Few Kentucky parents would disagree that the teenage years are some of the hardest. Trying to find the way in a world in between being a child and an adult presents some challenges for the child, let alone the parents. Even united parents in a single household could have issues raising a teen. It is not hard to imagine that doing so as a co-parent adds another layer of strategy on the part of the parents.
Creating a parenting plan that keeps parents united during their child’s teen years is essential for divorced parenting. Teenagers are notoriously secretive, antagonistic and moody. This is the time in their lives when they challenge their parents and try to find their own way in the world. In addition, they can become masters of manipulation, especially when their parents are no longer under the same roof.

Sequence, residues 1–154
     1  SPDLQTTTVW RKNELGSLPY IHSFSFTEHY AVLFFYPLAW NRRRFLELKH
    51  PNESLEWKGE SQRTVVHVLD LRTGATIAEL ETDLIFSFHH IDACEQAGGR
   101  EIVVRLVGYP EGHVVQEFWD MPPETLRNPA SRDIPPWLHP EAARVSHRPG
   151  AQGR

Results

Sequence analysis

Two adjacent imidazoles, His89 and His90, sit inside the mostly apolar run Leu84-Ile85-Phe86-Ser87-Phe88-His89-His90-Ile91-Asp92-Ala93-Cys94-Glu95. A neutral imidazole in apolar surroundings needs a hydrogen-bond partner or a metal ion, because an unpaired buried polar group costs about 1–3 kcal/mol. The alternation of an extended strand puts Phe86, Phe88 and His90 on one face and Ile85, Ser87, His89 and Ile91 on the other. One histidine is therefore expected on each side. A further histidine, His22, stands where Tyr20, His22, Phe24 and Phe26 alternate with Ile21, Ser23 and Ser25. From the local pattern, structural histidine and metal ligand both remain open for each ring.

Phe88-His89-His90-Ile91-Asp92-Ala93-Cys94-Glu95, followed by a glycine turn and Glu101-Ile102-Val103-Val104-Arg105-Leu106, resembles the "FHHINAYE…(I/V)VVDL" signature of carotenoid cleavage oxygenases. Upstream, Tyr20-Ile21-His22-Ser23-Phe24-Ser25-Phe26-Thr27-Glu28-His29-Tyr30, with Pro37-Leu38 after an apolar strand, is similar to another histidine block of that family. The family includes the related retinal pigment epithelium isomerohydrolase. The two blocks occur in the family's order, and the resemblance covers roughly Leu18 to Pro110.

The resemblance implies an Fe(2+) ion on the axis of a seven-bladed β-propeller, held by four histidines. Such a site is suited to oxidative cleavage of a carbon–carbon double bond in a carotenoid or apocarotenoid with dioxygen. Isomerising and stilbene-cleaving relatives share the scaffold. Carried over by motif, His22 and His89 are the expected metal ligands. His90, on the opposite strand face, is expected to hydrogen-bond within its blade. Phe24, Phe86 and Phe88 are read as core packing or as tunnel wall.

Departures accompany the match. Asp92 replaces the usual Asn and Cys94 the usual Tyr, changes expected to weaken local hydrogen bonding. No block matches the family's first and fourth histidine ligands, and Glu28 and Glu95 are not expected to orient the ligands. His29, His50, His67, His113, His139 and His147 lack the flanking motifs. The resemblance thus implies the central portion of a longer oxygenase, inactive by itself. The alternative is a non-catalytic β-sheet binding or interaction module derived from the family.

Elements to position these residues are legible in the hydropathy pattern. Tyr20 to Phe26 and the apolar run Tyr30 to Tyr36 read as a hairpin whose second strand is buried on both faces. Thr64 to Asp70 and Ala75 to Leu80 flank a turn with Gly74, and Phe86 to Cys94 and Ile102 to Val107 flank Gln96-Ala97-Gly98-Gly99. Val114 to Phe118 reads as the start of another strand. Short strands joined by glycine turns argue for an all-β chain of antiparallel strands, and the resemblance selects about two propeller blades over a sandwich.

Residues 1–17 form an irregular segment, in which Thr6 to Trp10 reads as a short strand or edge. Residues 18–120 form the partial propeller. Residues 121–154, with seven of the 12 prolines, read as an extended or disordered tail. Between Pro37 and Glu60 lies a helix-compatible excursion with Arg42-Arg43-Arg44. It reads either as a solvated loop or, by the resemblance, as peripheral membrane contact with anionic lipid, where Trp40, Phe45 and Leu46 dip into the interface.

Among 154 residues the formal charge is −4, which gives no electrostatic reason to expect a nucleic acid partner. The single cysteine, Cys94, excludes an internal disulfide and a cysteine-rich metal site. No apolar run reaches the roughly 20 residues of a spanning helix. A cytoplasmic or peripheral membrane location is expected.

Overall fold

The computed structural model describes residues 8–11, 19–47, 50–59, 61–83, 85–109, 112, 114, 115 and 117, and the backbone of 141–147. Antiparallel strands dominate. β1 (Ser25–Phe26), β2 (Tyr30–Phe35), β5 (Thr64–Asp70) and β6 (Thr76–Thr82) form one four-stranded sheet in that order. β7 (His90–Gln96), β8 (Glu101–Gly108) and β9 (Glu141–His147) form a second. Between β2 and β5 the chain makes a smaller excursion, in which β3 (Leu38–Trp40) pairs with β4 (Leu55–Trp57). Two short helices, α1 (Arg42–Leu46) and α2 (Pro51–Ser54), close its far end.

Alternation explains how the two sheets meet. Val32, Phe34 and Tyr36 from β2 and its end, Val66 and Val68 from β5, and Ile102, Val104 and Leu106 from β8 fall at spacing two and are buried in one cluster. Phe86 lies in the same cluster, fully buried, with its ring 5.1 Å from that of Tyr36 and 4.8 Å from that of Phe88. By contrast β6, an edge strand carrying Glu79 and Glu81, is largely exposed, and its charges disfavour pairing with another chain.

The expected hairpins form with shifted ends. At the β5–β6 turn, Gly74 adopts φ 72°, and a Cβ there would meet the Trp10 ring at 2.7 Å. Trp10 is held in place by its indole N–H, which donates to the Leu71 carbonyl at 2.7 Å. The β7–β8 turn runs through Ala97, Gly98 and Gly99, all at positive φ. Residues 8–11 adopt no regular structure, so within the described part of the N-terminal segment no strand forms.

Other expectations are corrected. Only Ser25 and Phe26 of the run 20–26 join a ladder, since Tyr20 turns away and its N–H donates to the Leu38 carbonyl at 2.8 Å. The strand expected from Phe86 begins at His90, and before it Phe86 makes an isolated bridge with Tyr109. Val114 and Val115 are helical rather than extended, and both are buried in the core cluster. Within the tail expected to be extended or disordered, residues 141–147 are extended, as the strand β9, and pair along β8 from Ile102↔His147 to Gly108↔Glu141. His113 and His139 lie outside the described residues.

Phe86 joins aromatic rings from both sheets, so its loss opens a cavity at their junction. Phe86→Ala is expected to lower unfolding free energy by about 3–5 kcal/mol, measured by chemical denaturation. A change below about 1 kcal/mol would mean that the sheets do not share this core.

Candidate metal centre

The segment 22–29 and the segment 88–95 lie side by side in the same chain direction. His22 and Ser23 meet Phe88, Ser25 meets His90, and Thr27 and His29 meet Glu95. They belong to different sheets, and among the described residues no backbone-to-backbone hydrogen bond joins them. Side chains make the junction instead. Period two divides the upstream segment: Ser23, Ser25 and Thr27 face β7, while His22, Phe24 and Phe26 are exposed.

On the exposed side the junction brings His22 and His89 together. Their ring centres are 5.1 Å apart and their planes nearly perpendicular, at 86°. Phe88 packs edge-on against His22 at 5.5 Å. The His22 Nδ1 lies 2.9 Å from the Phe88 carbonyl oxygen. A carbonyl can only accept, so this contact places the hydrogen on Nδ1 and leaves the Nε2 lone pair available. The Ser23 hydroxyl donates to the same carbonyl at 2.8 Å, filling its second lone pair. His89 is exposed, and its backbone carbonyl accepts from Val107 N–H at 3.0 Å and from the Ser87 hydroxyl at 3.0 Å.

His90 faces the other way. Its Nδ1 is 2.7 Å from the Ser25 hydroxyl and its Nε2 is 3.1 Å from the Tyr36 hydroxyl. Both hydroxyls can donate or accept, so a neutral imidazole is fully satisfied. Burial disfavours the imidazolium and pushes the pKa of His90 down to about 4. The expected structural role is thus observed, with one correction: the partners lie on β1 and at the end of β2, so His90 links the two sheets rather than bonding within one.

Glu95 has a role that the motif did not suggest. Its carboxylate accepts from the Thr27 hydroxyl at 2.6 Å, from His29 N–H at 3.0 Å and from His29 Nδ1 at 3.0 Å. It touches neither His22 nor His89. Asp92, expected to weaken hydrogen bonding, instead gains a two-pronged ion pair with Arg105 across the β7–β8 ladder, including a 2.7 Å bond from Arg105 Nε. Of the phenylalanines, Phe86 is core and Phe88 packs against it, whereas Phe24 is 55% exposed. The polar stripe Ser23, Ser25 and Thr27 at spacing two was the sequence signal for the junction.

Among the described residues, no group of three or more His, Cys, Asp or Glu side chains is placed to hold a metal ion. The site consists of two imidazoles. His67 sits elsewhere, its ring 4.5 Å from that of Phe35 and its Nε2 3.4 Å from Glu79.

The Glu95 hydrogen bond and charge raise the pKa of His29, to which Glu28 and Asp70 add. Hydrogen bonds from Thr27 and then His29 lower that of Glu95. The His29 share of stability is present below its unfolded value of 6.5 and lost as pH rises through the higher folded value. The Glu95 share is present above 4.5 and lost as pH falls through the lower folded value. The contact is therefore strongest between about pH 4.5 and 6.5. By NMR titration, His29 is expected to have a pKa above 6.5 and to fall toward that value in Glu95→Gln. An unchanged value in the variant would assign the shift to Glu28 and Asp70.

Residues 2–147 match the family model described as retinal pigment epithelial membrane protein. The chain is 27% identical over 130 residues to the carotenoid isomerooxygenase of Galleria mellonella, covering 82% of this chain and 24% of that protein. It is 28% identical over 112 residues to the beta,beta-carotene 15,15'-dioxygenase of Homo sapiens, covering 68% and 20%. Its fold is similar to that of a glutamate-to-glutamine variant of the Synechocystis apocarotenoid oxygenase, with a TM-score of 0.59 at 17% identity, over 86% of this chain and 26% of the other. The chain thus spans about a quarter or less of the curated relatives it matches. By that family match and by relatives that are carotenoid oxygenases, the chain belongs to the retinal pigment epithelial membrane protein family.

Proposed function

For these and other reasons, parents facing this situation may want to coordinate their efforts as much as possible, especially when joint custody means approximately equal time. Making rules regarding homework, household chores, social media, gaming, texting and phone calls, and other digital distractions that are consistent in both households could help. Dealing with other issues such as time with friends and leaving the house in general in a similar manner helps keep the teen from playing one parent against the other.
Being a co-parent in this stage in a child’s life surely has its challenges, but a Kentucky couple can work together to make it as pleasant, smooth and less contentious experience. It may be possible that divorcing parents actually have an advantage over other parents because they have the opportunity to sit down and outline how they will continue to work together for the good of their child. They establish rules, ways to handle certain situations and more, which most married parents do not do. Embracing this new reality could end up being a good thing.